Monday, November 27, 2006


Picking up on part of yesterday’s post: As I draw nearer to the end of my time in this world, I am finding that my rather ill-informed agnosticism is not enough to take me there in comfort and acceptance. The total eclipse of Judith is something that seems wasteful, and leaves me feeling unsatisfied.

I know that I shall be passing on my genes down the generations, as mine have been passed to me; and I know that I shall leave behind the effect of my presence in this life on the people I have known, also possibly in a published book if I get on with it, and certainly in this blog in cyberspace, for as long as the host chooses to keep it there. The genes will go on forever of course, being modified and, hopefully, improved as they are passed down. But the rest is still pretty transitory.

I would like to think that there is some form of recycling or re-use, or something of durable value which would survive, though not necessarily of my individual self. Here’s a thought: perhaps I could offer my soul by email to my local Freecycle Group, where people can exchange unwanted items for nothing, rather than throw them away:

OFFERED: One soul, female Well used but good for a year or two yet. Collection Hertfordshire area.

Seriously though, reincarnation doesn’t seem logically sound, as the number of people on earth is not constant: where would the extra souls come from for the extra people? The best I have been able to think up is that there might be some sort of universal consciousness-at-large, with which the individual consciousness might merge when it no longer has a corporeal home, possibly even contributing something to the general expansion of that consciousness.

I do not ask for scientific proof in order to be able to believe, at least enough to have peace of mind, but perhaps for a good logical possibility of something as yet unconfirmed by science. I’d love to have your ideas, dear readers, if you are still with me after this long post.

[I found these gorgeous representations of consciousness via Google Images.]

Sunday, November 26, 2006

Have I got it wrong?

The impact of my husband's funeral on my life has been unexpected in many ways. It was a sad but wonderful day, in which his own family and the family of his church came together, all contributing, all much moved by the occasion, and well pleased to be united at this time, though they were not, sadly, in his lifetime.

At the age of 16, I had found it impossible, logically, to believe any longer in the Christian god, and have since then called myself an agnostic, whilst leaning from time to time towards a number of other belief systems. This difference between us might have been an insuperable obstacle, but somehow we made it work, at least while we raised our children, though I believe it was always a great sadness for my husband that I could not share his faith.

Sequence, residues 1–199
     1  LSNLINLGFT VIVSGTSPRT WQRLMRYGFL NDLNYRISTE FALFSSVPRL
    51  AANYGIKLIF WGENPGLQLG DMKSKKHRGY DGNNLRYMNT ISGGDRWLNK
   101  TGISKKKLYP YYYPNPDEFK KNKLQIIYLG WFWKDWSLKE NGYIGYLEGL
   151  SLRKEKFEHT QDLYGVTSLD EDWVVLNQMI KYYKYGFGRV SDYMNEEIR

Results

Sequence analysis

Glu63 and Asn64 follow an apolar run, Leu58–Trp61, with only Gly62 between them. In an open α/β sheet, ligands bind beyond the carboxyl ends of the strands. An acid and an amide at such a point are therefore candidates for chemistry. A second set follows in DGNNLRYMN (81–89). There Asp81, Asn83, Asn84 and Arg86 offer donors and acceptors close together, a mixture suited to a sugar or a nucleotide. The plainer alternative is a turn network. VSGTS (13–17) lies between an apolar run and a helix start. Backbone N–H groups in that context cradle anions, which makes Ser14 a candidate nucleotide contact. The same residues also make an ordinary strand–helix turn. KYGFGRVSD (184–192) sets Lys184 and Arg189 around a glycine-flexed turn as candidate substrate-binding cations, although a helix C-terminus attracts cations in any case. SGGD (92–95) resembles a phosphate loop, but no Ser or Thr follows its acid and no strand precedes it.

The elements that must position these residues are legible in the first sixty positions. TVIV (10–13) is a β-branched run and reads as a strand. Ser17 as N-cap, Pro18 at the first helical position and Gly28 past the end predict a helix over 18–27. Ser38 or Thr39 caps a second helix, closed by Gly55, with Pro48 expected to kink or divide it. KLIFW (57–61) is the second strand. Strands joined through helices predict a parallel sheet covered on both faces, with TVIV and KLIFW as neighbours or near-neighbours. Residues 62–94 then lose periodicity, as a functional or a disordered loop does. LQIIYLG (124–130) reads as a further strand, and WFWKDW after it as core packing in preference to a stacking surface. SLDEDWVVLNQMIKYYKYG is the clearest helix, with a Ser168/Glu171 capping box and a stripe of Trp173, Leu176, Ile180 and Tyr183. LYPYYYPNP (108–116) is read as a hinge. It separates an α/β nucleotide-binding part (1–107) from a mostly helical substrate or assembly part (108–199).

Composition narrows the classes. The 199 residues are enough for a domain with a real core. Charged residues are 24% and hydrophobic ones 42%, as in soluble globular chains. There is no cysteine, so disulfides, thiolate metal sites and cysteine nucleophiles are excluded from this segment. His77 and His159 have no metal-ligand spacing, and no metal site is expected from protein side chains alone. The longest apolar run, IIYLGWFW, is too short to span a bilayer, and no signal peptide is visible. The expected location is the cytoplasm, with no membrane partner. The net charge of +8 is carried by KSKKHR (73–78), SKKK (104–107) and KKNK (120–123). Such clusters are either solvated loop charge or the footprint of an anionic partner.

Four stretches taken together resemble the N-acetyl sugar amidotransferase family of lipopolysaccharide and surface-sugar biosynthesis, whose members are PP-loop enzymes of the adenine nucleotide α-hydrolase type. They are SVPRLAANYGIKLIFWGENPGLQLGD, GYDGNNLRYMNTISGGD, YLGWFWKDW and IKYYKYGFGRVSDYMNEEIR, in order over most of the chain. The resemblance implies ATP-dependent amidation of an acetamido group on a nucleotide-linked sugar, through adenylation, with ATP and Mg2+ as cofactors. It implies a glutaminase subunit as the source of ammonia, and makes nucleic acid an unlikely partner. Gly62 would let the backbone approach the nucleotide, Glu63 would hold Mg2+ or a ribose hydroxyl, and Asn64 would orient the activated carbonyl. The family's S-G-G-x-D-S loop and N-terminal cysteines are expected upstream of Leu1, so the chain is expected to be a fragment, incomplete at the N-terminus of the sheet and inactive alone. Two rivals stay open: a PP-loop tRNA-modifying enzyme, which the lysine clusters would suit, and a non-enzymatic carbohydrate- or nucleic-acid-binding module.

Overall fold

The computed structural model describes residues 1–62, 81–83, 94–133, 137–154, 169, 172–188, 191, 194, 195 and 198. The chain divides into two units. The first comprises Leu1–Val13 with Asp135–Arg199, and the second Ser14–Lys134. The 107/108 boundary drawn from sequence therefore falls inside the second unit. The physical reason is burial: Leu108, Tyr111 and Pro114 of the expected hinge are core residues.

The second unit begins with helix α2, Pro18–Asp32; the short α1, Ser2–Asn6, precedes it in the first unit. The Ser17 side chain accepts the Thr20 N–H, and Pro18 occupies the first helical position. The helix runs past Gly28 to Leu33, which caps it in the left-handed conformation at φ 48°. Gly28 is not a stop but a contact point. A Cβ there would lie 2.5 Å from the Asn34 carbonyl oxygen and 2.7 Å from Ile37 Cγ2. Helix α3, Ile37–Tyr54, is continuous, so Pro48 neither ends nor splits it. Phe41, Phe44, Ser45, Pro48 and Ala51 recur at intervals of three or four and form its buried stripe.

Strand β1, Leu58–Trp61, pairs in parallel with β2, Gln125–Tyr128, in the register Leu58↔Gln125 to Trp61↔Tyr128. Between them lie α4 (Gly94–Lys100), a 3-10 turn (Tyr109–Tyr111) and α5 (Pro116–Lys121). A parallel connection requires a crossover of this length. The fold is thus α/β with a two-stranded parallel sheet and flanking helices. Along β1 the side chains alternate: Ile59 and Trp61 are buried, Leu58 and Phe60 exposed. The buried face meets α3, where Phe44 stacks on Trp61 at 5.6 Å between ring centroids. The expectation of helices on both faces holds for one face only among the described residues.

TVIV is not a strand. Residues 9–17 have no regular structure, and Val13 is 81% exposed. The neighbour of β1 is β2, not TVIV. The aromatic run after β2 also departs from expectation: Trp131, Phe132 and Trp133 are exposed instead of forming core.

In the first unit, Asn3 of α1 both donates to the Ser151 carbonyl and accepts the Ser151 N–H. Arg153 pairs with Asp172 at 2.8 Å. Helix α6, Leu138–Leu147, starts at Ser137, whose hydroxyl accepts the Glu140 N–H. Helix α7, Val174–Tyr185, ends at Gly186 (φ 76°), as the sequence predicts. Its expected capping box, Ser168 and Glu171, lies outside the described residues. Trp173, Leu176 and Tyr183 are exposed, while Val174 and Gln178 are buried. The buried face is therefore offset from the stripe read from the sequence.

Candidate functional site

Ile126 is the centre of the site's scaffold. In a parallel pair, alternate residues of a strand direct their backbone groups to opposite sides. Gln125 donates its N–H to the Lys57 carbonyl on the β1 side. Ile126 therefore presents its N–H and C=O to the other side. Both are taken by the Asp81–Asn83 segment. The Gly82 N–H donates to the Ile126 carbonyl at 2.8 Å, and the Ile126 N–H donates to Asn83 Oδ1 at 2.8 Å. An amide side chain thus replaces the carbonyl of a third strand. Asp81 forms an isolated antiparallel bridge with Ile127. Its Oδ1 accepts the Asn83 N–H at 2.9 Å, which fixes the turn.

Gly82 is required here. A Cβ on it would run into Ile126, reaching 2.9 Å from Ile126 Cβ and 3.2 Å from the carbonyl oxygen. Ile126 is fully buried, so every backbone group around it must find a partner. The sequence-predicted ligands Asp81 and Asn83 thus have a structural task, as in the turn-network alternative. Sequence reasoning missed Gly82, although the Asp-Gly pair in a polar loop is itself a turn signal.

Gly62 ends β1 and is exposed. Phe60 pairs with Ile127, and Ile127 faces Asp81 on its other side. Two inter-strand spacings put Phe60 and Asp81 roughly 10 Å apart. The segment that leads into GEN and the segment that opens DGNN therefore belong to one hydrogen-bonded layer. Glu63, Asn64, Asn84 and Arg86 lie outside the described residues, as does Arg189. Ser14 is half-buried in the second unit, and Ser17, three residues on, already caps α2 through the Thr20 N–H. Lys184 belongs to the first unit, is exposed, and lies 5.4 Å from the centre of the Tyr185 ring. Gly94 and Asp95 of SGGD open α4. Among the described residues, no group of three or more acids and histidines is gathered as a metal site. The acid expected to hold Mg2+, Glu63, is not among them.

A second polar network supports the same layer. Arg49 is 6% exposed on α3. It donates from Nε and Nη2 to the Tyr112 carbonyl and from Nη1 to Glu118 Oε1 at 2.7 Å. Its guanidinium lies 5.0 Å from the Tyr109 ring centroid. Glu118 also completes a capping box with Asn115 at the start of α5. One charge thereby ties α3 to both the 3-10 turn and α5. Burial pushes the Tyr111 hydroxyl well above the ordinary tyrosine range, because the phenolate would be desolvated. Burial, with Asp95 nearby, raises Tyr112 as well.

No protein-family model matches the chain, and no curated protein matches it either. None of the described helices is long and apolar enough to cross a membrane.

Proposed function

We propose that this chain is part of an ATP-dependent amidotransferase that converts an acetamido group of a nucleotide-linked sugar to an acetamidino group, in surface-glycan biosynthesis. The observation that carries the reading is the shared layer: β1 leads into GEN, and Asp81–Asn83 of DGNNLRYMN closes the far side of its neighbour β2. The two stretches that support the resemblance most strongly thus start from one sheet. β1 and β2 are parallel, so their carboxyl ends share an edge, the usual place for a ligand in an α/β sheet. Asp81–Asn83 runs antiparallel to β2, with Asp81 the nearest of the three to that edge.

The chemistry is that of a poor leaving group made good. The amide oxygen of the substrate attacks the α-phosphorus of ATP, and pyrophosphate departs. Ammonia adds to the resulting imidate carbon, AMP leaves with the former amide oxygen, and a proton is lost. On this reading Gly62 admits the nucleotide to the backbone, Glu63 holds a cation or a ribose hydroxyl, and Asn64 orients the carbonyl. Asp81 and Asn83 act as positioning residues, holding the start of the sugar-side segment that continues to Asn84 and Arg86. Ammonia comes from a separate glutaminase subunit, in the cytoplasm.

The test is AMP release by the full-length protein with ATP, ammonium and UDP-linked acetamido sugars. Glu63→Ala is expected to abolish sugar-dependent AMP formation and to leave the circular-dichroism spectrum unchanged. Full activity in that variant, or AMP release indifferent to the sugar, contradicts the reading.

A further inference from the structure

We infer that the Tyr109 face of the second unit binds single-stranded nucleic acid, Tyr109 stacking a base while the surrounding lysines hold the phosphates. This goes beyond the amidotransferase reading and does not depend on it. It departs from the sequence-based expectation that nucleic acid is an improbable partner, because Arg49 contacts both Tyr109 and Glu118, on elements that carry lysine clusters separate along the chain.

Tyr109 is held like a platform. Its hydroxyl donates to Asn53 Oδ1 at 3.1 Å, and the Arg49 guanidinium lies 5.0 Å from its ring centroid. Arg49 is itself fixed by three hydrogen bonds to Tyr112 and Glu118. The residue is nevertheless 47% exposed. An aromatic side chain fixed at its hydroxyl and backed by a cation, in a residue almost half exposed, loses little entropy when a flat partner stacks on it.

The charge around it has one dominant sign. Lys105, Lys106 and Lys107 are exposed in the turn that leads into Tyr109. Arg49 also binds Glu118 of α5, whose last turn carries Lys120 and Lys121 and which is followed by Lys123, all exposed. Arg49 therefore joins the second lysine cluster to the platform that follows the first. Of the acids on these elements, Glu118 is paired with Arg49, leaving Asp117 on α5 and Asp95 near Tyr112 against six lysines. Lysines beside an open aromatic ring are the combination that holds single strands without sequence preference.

Over the years, I have often been aware of how much was missing from my life by not being part of a church family. With the funeral, during the arrangements, on the day, and afterwards, this has been brought into really sharp focus, as I came to appreciate fully just how much his church meant to him, and how much he was valued by the church.

Can we not create such communities around other focal points? We can be good, caring, generous and honourable people without being Christians, and yet we do not seem to find the same all-embracing commitment, cohesiveness and purposefulness in, say, the Women’s Institute, or other social bodies of people. Or do I do them an injustice?

Some of our friends left the funeral saying that they wanted one just like it! What I do know is that there is no local community at present which will join with my family to celebrate my life, as this church community has done for my husband. Mind you, he was a very special man, in ways which I could not aspire to, but even so ………

Thursday, November 23, 2006

The day after ...

It has been a comfort and delight for me over the period of my husband's funeral, to have my sons around, including No 1, who came over from Australia. Because he is currently the strongest in a family of back sufferers, we had to take advantage of his being here to begin the business of clearing out the clutter which my husband, a committed handyman, had accumulated over the years.

No bit of wood, no mechanical device, no broken object that might be repaired, was ever discarded. The homes of his family and friends will bear witness to his skill and ingenuity in the DIY field for a long time to come, but more remained unused than had ever been recommissioned, and clearance had to be made before a valuer could be brought in. He lived alone in a 4-bed, 3-recep, and only used two rooms, so there was a lot of junk-filled space, evidence of which can be seen in the picture above of the first skipful.